I think it’s just one of those classic [instances of] re-appropriating a phrase that’s been used negatively and turning it back in the face of people who might use it negatively. I saw women carrying that banner at the Women’s March last year. When you see a bunch of pink-haired teenagers in [Doc Martens] boots striding along carrying a banner that says, “I fight like a girl,” you think, “That’s got a lot of power and a lot of defiance.” I refuse to accept that being a girl is weak. I refuse to accept that fighting like a girl is anything less. At that point, I thought, “That’s a great hook for a song—I need to write that.”
When you sing, “Oh what year is it/Still arguing the same shit,” is your apparent frustration a product of the lack of resolution or the conversation itself?
That’s the frustrating side of getting older: when you see things coming around again that you thought you’d been through once already. As we all know, feminism goes through these waves where you seem to make progress and then there’s a backlash, and another wave comes along and another backlash. Sometimes, especially being the age I am now, it is incredibly boring just to feel that you’re still actually having to defend ground you thought you’d won a long time ago. That’s the boring side of it, when you think we could all be getting along with more productive stuff if we didn’t have to waste time having these same old arguments. But as long as we do still have to be having them, on we go. So be it. We’ll have to have them.
It’s really audacious that you start “Babies” [“I didn’t want my babies until I wanted babies/And when I wanted babies nothing else would do but babies, babies, babies”] talking about birth control.
I didn’t think I’d heard that song before. The opening two lines just came into my head out of nowhere with the tune and everything [“Every morning of the month you push a little tablet through the foil/Cleverest of all inventions better than a condom or a coil”]. I just heard myself singing it. I thought, “Okay, I have to finish that song, because I’ve never heard anyone write that song. I think it’ll make people laugh and I think it’ll make people identify with it.”
I think it’s part of the process in thinking rationally about reproductive rights to keep more than one thing in your head at the same time. You can love babies and still believe in birth control or a woman’s right to abortion.
I think most women would agree that the whole point of being a mother and being a good mother, if you like, is the freedom to choose when you become a mother and in what circumstances. That’s something that’s so central to most women’s lives, not so much to men’s lives because it’s not there as an issue for them right from the beginning of when they become sexually active, whereas for women it is. You can’t separate the two. So I suppose in the song, what I’m trying to say is: I loved having my babies and I loved being a mother precisely because I was able to delay it until it was right for me. That didn’t happen to be until my mid-30s.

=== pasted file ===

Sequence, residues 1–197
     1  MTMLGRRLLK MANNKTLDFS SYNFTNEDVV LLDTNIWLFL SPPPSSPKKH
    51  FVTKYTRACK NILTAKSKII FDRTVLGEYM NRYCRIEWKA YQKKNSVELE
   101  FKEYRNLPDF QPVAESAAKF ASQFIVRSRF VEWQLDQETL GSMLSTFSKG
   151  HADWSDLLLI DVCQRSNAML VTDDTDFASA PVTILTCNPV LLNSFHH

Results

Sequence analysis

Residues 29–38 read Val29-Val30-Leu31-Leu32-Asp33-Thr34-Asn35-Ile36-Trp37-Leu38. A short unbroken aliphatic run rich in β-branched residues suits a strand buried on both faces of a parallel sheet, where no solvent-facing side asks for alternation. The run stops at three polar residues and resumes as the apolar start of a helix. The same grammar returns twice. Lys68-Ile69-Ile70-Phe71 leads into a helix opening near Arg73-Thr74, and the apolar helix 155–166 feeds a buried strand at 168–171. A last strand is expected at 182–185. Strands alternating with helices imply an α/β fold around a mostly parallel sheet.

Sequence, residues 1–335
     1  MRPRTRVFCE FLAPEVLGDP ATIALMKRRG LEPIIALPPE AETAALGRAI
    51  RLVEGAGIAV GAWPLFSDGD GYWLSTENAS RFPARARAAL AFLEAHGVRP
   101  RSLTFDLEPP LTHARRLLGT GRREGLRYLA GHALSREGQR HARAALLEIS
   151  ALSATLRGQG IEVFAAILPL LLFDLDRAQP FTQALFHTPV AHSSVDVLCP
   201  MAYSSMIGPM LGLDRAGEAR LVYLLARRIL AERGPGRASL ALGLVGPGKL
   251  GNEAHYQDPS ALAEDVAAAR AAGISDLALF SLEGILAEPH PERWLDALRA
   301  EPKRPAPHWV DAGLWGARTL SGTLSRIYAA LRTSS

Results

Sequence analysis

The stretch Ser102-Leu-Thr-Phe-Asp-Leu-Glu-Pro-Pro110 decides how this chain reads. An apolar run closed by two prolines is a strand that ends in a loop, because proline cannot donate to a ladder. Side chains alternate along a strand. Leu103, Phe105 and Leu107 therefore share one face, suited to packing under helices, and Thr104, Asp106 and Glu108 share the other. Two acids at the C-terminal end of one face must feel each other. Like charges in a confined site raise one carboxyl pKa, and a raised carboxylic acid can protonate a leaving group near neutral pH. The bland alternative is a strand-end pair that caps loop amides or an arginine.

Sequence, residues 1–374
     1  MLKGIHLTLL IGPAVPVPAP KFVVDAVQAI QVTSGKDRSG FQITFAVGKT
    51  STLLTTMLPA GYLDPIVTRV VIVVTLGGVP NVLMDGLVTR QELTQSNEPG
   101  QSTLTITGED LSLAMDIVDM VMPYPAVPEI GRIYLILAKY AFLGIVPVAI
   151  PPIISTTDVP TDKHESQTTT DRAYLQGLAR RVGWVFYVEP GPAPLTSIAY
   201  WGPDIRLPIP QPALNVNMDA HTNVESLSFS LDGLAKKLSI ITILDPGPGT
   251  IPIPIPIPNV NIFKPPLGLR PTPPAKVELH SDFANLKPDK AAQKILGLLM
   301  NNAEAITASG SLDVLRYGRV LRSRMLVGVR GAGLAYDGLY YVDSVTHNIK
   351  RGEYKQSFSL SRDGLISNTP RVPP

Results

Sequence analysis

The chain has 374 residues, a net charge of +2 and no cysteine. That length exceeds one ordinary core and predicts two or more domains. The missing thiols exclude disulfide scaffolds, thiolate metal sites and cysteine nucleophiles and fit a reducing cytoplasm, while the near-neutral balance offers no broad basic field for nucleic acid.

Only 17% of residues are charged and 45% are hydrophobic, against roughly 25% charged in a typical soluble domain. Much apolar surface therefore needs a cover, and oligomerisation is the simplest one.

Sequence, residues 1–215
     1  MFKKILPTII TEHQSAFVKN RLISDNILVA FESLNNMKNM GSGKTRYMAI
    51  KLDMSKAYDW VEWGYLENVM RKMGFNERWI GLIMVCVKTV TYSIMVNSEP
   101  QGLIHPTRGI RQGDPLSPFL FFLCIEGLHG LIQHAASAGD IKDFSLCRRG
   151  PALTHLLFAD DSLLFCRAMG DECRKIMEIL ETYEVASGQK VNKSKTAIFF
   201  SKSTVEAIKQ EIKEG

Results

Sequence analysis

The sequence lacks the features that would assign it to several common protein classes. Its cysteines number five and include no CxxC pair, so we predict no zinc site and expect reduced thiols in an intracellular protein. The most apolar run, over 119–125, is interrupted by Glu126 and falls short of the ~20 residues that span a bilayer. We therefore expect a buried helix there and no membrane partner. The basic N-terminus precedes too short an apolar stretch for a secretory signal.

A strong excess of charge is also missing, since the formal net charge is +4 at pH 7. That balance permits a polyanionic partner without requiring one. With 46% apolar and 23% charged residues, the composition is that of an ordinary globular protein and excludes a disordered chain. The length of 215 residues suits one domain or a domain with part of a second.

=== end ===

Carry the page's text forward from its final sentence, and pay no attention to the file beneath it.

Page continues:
Have you played these songs for your kids? [Ed. Note: Thorn has twin 20-year-old daughters, Jean and Alfie, and a son Blake, who was born in 2001.]
I haven’t sat them down in front of them and made them listen to them. That would seem a bit high-pressured. The girls are both away at college now. I have given them both a copy of the CD and I’m assuming they’ll listen and give me some feedback at some point. I’ve never tried to force things upon them or forced them to respond. They come out with things at moments where you’re least expecting it. They’ll say, “Oh, I just heard this by you the other day, it was good.” But I think kids just kind of want you to be in that parental role. Having to get into the different role of judging you as an artist or rating you as a musician is more awkward. I wouldn’t expect them really to do that.
Do you ever think about Mariah Carey and Boyz II Men’s “One Sweet Day” keeping “Missing” from No. 1 in the U.S. and resent that song?
Yes! Forever! We would have been Number One. [Laughing] It would have been nice to [go] Number One, I can’t lie.
Number Two is still pretty good, though.
Number Two is still pretty good, yeah. I’ll take that.